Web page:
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3 snowplows, other vehicles wrecked

By Bethany Knipp

Tuesday’s winter storm has had plowers working hard to clear the Manhattan area’s 13 inches of snow.

Kansas Department of Transportation spokeswoman Kimberly Qualls said northeast Kansas had a total of three accidents involving snow plowing vehicles during the storm.

One of them happened Tuesday at 10:50 a.m., when a Wabaunsee County wreck on Interstate 70 resulted in the transport of a Wamego man to a Topeka hospital.

Robert E. Rickstrew, 58, was transported to Stormont-Vail Regional Health Center in Topeka after his 2001 Starling snow plowing truck was hit by a 2001 Kenworth semi driven by Glenn E. Rudolph, 67, of Boonville, Ind., according to a Kansas Highway Patrol crash report.

Rickstrew was headed east on I-70, plowing snow near Mile Marker 322 west of Tallgrass Road.

Rudolph hit Rickstrew’s vehicle from behind after making a lane change to try and avoid another vehicle.

Rudolph was transported to Mercy Regional Health Center in Manhattan.

Another incident happened in Topeka near I-70 and MacVicar Avenue where a semi hit the plowing vehicle and resulted in a diesel spill.

The third incident, in which a snow plowing truck rolled over, happened in Brown County near the town of Reserve, Qualls said.

“We were very fortunate that everybody’s okay from these incidents,” she said.

Kansas Highway Patrol Trooper Ben Gardner said a portion of I-70 was closed as a result of the Wabaunsee County accident.

Qualls said that in the Riley, Pottawatomie, Wabaunsee and Marshall counties, KDOT has 23 snow plows that work on removal in 12-hour shifts for the area’s highways.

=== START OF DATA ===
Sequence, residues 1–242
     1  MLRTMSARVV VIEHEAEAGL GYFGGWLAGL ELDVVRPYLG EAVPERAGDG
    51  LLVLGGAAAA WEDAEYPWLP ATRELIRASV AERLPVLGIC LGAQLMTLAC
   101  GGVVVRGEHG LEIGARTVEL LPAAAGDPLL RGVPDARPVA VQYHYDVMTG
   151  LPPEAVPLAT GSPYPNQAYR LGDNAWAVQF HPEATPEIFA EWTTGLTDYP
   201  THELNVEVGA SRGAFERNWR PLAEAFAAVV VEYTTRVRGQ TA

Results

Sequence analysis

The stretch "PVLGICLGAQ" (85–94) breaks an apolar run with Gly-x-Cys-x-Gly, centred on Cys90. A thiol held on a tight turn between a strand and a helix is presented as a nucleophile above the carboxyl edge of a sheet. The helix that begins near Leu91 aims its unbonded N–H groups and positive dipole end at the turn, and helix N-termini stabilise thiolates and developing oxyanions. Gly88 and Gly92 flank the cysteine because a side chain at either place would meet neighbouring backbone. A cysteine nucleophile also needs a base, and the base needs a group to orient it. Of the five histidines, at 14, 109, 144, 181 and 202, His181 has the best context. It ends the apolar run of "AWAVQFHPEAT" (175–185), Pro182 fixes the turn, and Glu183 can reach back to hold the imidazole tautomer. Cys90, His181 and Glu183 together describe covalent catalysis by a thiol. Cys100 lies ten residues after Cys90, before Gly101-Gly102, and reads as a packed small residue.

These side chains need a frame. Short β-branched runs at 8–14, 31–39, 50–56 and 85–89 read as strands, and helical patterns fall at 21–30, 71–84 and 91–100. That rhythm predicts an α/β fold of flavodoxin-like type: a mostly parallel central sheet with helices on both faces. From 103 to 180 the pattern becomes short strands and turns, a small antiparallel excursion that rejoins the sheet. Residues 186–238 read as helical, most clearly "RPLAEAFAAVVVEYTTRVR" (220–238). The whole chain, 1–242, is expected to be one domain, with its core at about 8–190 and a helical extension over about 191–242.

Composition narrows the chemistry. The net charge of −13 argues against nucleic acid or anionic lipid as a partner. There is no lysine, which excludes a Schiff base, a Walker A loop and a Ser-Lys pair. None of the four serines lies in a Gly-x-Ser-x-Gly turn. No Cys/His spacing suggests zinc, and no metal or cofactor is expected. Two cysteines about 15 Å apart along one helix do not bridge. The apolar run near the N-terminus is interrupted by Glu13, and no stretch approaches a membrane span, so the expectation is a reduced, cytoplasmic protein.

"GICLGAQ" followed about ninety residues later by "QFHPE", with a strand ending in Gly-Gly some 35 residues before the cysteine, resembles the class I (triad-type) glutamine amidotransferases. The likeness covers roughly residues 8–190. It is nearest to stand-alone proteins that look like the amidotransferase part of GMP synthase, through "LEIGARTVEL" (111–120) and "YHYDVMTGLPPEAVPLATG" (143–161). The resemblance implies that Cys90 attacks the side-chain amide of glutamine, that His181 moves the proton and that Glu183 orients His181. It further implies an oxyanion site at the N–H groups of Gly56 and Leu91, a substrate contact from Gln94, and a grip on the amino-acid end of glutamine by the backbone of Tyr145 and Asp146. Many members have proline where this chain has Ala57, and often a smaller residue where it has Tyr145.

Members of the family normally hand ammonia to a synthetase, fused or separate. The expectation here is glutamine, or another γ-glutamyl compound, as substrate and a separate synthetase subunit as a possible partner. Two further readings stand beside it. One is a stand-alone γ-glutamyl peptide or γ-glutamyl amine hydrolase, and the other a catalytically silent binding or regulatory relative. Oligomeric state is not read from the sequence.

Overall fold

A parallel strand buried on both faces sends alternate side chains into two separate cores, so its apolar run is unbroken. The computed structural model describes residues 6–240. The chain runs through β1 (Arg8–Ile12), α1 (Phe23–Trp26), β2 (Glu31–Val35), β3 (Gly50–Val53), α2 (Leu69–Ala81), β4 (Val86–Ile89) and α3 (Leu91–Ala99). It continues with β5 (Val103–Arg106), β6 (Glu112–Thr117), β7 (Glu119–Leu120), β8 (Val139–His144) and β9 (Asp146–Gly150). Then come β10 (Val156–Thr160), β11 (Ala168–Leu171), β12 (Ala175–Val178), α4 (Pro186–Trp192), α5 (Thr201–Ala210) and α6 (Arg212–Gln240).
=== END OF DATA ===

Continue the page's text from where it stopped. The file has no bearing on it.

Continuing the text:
She said when accidents happen, it puts a strain on already limited resources, but given the hazardous conditions, wrecks are expected.

“Every winter storm it seems like there’s something,” she said. “It’s just a whole mix of factors that can cause these incidents.”

Officer Matthew Droge of the Riley County Police Department said that in the Manhattan area there were no injury accidents, just a couple fender benders on Tuesday.

He said that during a snow storm, the department responds to major accidents, disabled vehicles and injury accidents, but in minor situations,  drivers should exchange information and report collisions to police later. 

As the recent storm clears up and the forecast indicates more precipitation this week, Qualls said KDOT is focused on removing all the snow it can.

She said salting highways isn’t a part of KDOT’s agenda at the moment because it isn’t effective below 15 degrees.

It can freeze if snow and ice melts around it, she said.

Qualls posted on Twitter that drivers who choose to go out in these conditions should reduce their speed by 50 percent and allow an eight to 10 second following distance between vehicles. s 13 inches of snow.

Kansas Department of Transportation spokeswoman Kimberly Qualls said northeast Kansas had a total of three accidents involving snow plowing vehicles during the storm.

One of them happened Tuesday at 10:50 a.m., when a Wabaunsee County wreck on Interstate 70 resulted in the transport of a Wamego man to a Topeka hospital.

Robert E. Rickstrew, 58, was transported to Stormont-Vail Regional Health Center in Topeka after his 2001 Starling snow plowing truck was hit by a 2001 Kenworth semi driven by Glenn E. Rudolph, 67, of Boonville, Ind., according to a Kansas Highway Patrol crash report.

Rickstrew was headed east on I-70, plowing snow near Mile Marker 322 west of Tallgrass Road.

Rudolph hit Rickstrew









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